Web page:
3. Thanks Ann teacher...........I follow the blogs.

  4. Ann........Please update. I read each and every you post......You are my link to South Korea.


  5. just wondering if you're still out there? ... been waiting since xmas for an update... perhaps you've had the winter vacation off??? and went away somewhere??? but i thought you worked in a hakwon... missing your posts... :(

  6. Hi Everyone:
    I am still out here and I promise to update soon. I was working crazy hours during the winter "vacation" time [in fact until Thursday, February 8th]. The time when public schools were closed and the kids therefore were sent to the hogwans 24/7 or at least it seemed that way to me.

    I spent the weekend just resting and trying to re-group. Hopefully, I'll get rested up and post soon.

    It's nice to know I'm missed.

  7. The banner says 'winter break special'.

  8. Thank you. A mystery solved. Santa is trying to recruit kids for the "Winter Break Special". I love it!

  9. Dear Ann,
    I just found this blog and appreciate all of your info on life in Korea. Bynow you have been home for nearly 2 years and may gained a new perspctive about life in Asia. i lived in Japan as a teacher and pan to go to korea soon. Your blog on life in Korea has been very helpful and brings back so many similarities to life in Japan. you are right about isolation and lonliness,but this time I know what to expect. i hope you read this and you also sooooo right about the bakeries being not quite right,sooo funny !!!! I was surprised that you liked Dunkin Donuts,not quite right was how I would describe them. Have a great life and good luck with your book.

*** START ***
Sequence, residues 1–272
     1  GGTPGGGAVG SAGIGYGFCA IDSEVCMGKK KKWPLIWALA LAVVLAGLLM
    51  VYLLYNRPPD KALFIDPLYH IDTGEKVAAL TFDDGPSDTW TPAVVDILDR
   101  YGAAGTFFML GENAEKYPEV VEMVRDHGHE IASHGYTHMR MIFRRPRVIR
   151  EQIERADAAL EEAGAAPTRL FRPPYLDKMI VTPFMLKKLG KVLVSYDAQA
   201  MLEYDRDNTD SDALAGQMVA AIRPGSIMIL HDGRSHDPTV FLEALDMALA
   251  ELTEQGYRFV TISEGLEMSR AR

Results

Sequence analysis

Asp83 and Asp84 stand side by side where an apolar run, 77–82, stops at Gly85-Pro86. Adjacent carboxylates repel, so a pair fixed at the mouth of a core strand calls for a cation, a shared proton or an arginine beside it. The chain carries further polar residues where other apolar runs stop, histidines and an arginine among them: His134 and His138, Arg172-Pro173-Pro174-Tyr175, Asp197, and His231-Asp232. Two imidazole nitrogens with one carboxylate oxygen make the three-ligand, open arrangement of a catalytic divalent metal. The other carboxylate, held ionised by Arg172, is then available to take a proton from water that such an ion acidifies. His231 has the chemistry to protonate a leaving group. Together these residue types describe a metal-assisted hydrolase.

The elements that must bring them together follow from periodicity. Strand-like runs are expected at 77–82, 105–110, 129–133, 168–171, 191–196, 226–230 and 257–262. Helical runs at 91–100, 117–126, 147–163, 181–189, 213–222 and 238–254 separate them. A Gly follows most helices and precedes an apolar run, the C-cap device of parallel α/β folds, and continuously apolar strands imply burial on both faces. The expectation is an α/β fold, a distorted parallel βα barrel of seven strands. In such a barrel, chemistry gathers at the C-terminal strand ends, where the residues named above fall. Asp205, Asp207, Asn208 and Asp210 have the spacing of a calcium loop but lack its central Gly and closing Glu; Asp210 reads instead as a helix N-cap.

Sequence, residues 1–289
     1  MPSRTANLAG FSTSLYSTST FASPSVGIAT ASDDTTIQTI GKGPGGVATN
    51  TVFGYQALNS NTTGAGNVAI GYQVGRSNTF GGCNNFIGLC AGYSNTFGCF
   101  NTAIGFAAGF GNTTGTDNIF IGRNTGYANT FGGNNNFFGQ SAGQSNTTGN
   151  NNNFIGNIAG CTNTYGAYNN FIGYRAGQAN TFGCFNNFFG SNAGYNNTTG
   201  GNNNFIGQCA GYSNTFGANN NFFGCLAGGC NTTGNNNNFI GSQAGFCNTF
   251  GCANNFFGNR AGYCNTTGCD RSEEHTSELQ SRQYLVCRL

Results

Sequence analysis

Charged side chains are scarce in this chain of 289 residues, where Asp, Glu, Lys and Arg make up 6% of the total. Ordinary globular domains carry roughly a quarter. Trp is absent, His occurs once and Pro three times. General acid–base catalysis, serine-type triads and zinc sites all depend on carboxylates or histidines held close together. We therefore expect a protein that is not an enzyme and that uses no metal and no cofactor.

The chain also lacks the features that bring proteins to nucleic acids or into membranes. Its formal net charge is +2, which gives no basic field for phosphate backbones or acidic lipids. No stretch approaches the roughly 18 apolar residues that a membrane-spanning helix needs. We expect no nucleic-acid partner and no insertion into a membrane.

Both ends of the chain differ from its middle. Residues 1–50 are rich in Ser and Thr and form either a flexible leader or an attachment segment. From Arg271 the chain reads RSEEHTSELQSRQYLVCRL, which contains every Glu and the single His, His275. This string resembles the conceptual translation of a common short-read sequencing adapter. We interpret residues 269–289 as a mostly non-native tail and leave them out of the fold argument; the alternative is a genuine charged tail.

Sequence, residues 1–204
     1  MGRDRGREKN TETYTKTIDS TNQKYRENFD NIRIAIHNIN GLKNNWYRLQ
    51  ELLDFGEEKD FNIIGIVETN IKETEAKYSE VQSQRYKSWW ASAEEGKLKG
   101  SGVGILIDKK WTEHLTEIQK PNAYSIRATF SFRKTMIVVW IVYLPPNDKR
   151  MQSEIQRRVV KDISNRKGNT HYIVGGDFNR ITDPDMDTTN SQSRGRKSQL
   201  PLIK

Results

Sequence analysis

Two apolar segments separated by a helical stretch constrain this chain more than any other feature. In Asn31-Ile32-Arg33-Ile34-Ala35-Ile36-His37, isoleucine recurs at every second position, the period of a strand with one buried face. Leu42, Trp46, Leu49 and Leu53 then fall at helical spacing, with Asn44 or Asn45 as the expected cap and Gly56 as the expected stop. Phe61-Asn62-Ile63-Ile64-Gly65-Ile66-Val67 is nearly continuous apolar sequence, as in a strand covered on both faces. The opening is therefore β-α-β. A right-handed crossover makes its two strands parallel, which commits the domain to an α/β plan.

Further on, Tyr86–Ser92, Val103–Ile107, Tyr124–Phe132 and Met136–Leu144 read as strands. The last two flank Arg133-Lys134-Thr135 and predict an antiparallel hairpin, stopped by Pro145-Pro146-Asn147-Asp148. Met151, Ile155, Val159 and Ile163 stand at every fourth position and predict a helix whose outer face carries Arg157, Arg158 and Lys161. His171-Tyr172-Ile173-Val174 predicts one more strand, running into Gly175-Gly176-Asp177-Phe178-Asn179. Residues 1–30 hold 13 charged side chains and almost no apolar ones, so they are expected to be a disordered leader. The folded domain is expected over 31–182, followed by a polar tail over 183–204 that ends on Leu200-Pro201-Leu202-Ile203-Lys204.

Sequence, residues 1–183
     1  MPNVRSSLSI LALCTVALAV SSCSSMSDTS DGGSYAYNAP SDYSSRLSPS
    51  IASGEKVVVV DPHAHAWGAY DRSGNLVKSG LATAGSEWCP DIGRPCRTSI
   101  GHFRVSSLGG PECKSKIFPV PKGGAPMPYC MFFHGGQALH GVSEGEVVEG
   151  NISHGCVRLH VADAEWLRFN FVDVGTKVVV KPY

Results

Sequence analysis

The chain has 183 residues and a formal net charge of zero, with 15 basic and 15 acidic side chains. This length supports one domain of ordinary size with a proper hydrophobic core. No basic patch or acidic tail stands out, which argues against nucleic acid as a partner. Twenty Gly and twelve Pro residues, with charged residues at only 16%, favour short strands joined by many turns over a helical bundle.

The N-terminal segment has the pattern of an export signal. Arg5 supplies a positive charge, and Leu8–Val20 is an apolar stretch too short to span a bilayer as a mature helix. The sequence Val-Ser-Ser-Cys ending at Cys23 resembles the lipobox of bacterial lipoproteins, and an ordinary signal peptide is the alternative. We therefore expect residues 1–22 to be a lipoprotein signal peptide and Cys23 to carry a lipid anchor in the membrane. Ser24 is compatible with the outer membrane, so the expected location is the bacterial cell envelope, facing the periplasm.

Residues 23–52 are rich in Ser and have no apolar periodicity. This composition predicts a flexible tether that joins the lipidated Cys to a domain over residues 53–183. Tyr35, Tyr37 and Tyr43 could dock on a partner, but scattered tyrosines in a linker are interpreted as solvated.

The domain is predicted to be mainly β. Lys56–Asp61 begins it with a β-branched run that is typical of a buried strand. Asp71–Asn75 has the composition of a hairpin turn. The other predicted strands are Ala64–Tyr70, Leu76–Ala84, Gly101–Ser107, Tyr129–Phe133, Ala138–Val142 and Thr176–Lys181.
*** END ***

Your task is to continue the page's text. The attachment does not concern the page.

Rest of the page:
10. Thanks Ann..
    I was looking for information I can share with other members of my church about how Koreans celebrate Christmas now...your site was my first read.
    It Brings back very vivid memories as I spent 3 Christmas Seasons (63,64 & 65) in Korea as a missionary, Great experience, Beautiful people. A very diverse clebration then...thanks for the update.....Great to see the kids eating Pizza....not so then.
    Thanks again for sharing....even though it's several years old.

  11. Hi, i just run into your blog, you are very lucky girl to have such lovely students. Plus, you got a Paris Hiton card

  12. Hi, Anni,
    do you are still in South Korea? I will return tomorrow to Germany. I am very interested in hear something more about your experience... My website: -
    Merry Christmas in August:)